What NOT to do as a tourist in Amsterdam
Tourist information tends to be concerned with the do’s: ‘Do visit the Stedelijk’, ‘do drink Heineken’, ‘do get on the bus and visit the Keukenhof garden’. This type of information is useful for everybody, from the crazy cats who think holidaying is about relentless, organised fun to the casuals who want some handy ideas for when sitting in a park on truffles isn’t as pleasant as they’d hoped.
Being a shy British gentleman, however, who values good manners over any form of fun or adventure, the information that I most craved when reading about Amsterdam was what is unacceptable for tourists to do. You know, the rude or just plain stupid stuff that makes Dutch people shake their fists and shout things we can’t understand. These are things you might call ‘tourism don’ts’. To my disappointment, this type of information was not commonplace and so I learned little from the web or from books. Thankfully however, through numerous visits to the fair city and conversations with veteran idiocy-spotters, I have been able to compile my own short and highly opinionated list of no-nos for the courteous and the curious. You’ve been warned.
#1 What NOT to do as a tourist in Amsterdam: Don’t be silly on your bike
When picking up your shiny blue, yellow or red bicycle from the various rent-a-fiets shops across the city, you assume a great deal of responsibility. You have a responsibility to yourself not to get killed, and you have a responsibility to not maim or kill anyone else. But most important of all you have a responsibility to… not piss off the locals. Two main ways you can rile up the Dutchies are (a) cutting through busy shopping streets like it’s totally legal (it isn’t) and (b) riding three abreast on the cycling lane like you’re the front row of a rugby scrummage. By all means, do this if it’s late or no one’s around, but don’t do it down Stadhouderskade on a Saturday afternoon. Beeping, ringing and swearing will intensify.
#2 Don’t be silly when you’ve got the munchies. Eat properly!
You’re drunk, stoned, tired and hungry. What do you do? If your answer is to go and get twenty chicken nuggets, you’re doing it wrong. There is a pretty high chance that you live in a country where Mcdonalds is on every street corner; it makes your kids obese, your dopamine flow and your guilt swell. We all have that one kind of food that we crave when we just can’t be bothered to try and prolong our lives with some micro-nutrients. I have no issue with this. However, if you’ve taken the time to leave the ordinary behind and take a trip to Andrew Marvell’s ‘…undigested vomit of the sea’, don’t feast on the same old battered sludge. Instead, I suggest getting your grease with a pinch of authenticity.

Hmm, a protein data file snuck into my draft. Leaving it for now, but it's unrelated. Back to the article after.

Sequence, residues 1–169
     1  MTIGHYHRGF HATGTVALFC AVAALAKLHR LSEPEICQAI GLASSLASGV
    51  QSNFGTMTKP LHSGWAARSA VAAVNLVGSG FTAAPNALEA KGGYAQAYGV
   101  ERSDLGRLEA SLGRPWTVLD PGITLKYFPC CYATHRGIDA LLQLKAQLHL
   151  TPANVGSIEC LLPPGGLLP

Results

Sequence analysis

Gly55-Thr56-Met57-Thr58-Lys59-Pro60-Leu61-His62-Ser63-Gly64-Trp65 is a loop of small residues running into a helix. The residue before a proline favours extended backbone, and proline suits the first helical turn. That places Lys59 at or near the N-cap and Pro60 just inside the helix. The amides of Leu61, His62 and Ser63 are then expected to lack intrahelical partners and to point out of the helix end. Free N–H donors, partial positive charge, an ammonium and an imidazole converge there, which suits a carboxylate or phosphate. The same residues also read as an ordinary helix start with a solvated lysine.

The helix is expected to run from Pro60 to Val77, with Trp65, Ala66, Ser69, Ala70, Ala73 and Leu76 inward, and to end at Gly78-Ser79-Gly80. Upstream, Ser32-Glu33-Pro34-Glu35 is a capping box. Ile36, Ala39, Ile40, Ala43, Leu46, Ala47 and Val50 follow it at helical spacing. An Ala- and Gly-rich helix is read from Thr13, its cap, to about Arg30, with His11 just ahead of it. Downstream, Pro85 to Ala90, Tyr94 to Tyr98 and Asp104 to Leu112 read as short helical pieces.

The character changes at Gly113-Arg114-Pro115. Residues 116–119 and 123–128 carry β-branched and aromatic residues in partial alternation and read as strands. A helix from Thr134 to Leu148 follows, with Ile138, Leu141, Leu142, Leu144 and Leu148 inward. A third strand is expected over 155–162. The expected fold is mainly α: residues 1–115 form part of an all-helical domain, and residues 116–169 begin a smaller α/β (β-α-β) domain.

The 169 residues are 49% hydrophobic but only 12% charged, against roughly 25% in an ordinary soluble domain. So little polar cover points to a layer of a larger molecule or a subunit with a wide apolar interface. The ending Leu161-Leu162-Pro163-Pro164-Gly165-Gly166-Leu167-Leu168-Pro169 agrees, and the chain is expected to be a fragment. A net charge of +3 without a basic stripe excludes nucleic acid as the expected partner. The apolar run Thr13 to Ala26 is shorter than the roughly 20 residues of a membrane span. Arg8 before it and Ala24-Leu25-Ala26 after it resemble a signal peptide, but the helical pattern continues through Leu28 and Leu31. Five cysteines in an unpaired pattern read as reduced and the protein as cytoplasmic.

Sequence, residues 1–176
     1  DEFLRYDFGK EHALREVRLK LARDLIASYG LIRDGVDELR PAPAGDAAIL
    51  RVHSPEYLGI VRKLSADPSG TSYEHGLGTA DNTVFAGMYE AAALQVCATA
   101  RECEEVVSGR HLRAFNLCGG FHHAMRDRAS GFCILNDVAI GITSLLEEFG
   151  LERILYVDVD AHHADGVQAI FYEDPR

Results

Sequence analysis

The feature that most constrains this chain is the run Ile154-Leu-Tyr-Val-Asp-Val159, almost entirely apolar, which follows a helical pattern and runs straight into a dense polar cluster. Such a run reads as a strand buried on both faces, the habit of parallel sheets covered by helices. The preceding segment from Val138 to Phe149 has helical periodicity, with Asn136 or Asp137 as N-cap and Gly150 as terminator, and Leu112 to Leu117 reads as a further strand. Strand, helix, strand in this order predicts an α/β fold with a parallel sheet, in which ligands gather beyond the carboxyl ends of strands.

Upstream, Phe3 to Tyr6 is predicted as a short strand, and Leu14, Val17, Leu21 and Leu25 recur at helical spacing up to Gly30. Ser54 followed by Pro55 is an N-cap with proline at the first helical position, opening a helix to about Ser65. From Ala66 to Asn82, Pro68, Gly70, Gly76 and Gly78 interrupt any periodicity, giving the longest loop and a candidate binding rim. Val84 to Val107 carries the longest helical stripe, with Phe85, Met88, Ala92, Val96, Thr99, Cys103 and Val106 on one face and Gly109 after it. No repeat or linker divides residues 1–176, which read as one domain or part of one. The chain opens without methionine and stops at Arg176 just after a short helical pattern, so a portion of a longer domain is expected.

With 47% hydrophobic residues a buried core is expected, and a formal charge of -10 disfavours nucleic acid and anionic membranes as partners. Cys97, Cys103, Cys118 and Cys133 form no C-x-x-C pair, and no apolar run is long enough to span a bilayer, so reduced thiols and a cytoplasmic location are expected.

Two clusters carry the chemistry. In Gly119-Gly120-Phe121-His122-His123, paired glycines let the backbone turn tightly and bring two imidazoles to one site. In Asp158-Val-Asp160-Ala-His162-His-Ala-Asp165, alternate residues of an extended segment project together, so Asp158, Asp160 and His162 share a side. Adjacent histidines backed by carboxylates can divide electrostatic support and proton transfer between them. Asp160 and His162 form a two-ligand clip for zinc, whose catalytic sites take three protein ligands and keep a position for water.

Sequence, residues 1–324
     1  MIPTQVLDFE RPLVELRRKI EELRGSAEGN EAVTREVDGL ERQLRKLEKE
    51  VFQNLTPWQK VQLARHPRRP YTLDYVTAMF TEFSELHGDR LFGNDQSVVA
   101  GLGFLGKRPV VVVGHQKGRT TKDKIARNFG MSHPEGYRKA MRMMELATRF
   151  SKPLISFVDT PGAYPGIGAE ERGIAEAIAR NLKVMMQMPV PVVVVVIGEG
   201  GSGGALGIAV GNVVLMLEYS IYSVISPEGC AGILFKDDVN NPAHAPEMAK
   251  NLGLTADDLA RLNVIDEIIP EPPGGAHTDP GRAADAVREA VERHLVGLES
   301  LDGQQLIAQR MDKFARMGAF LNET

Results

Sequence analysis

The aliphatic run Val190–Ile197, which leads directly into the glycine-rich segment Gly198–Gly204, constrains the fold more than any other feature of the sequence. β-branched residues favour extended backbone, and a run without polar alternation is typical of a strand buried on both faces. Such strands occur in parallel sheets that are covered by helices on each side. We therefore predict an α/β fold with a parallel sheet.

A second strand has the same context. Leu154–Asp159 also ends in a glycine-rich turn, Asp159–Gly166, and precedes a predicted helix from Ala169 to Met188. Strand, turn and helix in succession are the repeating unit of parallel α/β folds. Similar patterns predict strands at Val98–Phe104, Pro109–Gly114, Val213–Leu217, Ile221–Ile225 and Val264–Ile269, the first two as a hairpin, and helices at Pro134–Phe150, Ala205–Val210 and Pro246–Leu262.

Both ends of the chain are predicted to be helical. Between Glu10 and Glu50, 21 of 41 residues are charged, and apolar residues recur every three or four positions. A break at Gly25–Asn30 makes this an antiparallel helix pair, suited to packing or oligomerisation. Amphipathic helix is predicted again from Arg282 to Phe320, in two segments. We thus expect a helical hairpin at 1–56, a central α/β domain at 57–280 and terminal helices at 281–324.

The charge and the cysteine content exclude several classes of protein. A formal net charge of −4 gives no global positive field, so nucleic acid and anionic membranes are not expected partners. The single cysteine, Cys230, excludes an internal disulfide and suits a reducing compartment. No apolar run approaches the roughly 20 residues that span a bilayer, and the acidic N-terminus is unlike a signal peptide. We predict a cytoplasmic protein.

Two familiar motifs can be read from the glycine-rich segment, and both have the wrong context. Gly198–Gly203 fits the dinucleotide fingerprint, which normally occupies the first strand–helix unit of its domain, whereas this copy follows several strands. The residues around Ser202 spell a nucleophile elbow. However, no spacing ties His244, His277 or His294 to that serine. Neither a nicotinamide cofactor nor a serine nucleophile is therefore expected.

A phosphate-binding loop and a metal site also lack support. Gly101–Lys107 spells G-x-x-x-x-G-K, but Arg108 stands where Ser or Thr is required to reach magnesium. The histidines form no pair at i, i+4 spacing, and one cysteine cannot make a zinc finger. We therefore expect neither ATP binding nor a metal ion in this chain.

Look no further than the glowing, food-bearing walls of Febo. They’re everywhere, the food is delicious and it’ll clog your arteries as fast as any American business. Sure, you can still get burgers and chips easily enough. Personally, I’d recommend sampling the kroketten and the frikandel [that’s chicken, pork and beef sausage. It’s good I promise…] before you even think about the rest.
#3 Don’t mix your recreations.
A great stoner once said, ‘Pass the dutchie on the left hand side’. No problems with this as far as it goes, although I would offer a short caveat to this rule which would be, ‘…unless you’re seated in the outside area of an alcoholic establishment’. Beware the bars of Leidseplein and Rembrantplein! The waiting staff don’t like you smoking the reefer there, you’re not really supposed to and you can always have cigarette if you really can’t last a half hour without carcinogens.
#4 What NOT to do as a tourist in Amsterdam: Don’t try that hip Dutch phrase your friend taught you
No amount of shouting ‘Neuken in de keuken!’ at people is going to get your laid, so stop it. And even if it could, ‘No-ken in dee coke-en!’ is not how you say it anyway.
#5 Don’t mix your Dutch and your Deutsch.
No matter what Hollywood movies like The Fault in our Stars and Hostel, the Pennsylvania Dutch or foreign Haribo wrappers tell you, Dutch people do not speak German. I don’t know whether it’s the sound of the Dutch language to the untrained ear that triggers high school German PTSD or something, but it’s not the same. At all. Whatever the reason for this myth’s circulation, it’s very common indeed. Needless to say, Dutch folk don’t take too kindly to shoddy cultural geography, so you’d do well to avoid it like an oncoming bakfiets. It helps to remember your stereotypes: clogs, windmills and tall women on the one hand; efficiency, sausage and lederhosen on the other.
Alles Klaar? Auf wiedersehen.